Harvard, of course, must always be attacked, just as one feels free to criticise the Constitution or the White Mountains. It is the price always paid for strength and excellence, above all for the steady resistance to dogma, religious, political and economic; it is the sharp wind that blows the harder, the swifter and the better the ship. Harvard as a spiritual entity whose function is to teach and haply to educate the youth, asks nothing better than to be counted a worker in our American Commonwealth, but as such entity cannot and must not have its facts manufactured for it, its thoughts directed or controlled. For these reasons, it is not seldom criticised by some who at the cost of a little reflection would much soften their wrath.
As an example, at the All Presbyterian Conference of New England held in this city, the moderator of the general assembly declared that "today neither Harvard nor any other great Protestant college gives the first consideration to the peace and prosperity of the Christian Church." Doubtless the speaker was impelled by the best motives in making this sweeping and very vague statement, and therefore we are sure that lie will not object if we take him seriously, for Harvard, though nowadays surrounded by institutions whose competitions it welcomes, is an outstanding factor in the national life. Were this not done, Harvard might be left in a very parlous condition; wept over as unregenerate by Cardinal O'Connell a short time ago, it now receives lusty buffets at the hands of one whom we take to be not in entire agreement on other matters with his eminence. Here is a dilemma, but escape from it is found in some words of the moderator's when he asks, "But what are all the arts and sciences, save as they serve mankind?" They are nothing and Harvard has always known that and acted on the knowledge as its guide.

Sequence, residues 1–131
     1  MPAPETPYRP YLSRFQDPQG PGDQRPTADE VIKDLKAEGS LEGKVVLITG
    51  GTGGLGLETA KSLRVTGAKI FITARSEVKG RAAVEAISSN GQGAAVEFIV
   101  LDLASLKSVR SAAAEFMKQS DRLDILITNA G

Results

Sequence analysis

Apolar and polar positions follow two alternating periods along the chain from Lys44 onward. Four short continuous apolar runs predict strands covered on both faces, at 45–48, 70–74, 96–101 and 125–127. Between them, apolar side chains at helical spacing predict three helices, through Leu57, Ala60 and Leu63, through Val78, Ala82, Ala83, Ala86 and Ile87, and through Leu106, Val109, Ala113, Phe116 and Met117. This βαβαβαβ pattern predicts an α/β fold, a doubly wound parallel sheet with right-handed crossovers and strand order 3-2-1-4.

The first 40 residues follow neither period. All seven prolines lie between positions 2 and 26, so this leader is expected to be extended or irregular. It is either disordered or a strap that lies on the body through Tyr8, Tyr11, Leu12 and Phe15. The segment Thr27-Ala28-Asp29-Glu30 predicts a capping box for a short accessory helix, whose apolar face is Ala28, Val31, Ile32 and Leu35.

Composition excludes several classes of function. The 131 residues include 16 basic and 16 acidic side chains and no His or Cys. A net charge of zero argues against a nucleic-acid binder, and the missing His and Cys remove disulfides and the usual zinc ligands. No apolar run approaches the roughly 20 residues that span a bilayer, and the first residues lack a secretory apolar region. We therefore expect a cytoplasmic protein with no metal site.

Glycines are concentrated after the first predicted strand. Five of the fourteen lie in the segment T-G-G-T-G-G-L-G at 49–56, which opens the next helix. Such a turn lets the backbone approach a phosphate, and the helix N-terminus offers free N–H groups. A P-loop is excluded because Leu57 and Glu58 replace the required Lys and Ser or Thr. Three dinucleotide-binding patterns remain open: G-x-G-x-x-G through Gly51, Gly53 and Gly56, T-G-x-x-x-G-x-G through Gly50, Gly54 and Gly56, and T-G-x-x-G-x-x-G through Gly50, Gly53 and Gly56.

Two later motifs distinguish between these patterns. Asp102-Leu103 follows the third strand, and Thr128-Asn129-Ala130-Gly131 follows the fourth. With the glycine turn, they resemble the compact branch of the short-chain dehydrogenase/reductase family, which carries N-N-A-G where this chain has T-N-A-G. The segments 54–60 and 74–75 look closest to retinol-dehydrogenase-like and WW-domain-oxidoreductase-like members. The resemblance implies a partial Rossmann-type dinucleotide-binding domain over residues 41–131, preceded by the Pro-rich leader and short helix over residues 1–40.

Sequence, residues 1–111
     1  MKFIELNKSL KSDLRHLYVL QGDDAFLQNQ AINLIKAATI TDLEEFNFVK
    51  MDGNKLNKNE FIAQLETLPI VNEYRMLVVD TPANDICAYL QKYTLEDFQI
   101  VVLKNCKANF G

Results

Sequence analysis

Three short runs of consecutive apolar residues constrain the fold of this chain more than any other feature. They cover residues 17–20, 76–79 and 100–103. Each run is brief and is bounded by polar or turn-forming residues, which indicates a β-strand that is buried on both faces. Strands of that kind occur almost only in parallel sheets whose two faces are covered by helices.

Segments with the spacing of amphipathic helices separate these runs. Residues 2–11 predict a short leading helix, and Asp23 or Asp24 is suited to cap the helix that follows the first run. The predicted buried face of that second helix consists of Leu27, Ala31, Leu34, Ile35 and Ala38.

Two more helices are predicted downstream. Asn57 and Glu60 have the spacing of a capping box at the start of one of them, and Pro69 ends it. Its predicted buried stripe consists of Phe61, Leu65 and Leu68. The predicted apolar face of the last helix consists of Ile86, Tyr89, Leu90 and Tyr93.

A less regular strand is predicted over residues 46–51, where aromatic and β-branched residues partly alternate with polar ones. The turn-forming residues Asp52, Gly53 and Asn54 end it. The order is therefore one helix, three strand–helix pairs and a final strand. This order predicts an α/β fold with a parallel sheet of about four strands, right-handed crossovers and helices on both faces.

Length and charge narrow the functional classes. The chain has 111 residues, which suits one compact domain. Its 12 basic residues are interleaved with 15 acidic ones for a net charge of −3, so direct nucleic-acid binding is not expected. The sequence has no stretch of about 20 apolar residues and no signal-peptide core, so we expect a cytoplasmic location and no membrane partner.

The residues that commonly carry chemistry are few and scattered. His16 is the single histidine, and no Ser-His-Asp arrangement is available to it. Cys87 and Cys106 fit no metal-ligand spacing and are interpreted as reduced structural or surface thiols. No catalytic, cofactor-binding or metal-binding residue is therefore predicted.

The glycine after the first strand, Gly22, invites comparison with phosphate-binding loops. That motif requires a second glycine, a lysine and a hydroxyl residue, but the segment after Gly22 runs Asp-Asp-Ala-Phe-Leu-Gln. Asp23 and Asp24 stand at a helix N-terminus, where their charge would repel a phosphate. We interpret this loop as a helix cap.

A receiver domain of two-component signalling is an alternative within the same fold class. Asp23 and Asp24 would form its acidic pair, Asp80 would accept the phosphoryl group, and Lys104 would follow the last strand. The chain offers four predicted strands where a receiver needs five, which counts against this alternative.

Harvard, with other institutions, has the imperfection of not being perfect, it makes mistakes, it often leaves undone what it ought to have done, as witness the wholesome and vivifying border warfare carried on by its graduates with their alma matters. But first, last and always, Harvard teaches its men their right to examine for themselves asserted facts, and thereby teaches them the dignity of the individual. It warns against the tyranny of dogma with its attendant loss of liberty. If any doubt the fruits of this, let them regard the records of Harvard men in all departments of our national life, public and private. This has resulted in a certain maturity of outlook, a certain aversion to collective thinking, an aversion that infuriates those trained in a different school. But the glory of Harvard is not the point, but on the centrary that here in this great republican democracy teeming with population yet to be formed and tormented by the problem of a material prosperity well high unmanageable, there exists a school where certainly many young men are taught for good and all that they must do their own thinking. That they carry this lesson with them when they emerge on broader fields is a national political asset of the United States. Boston Transcript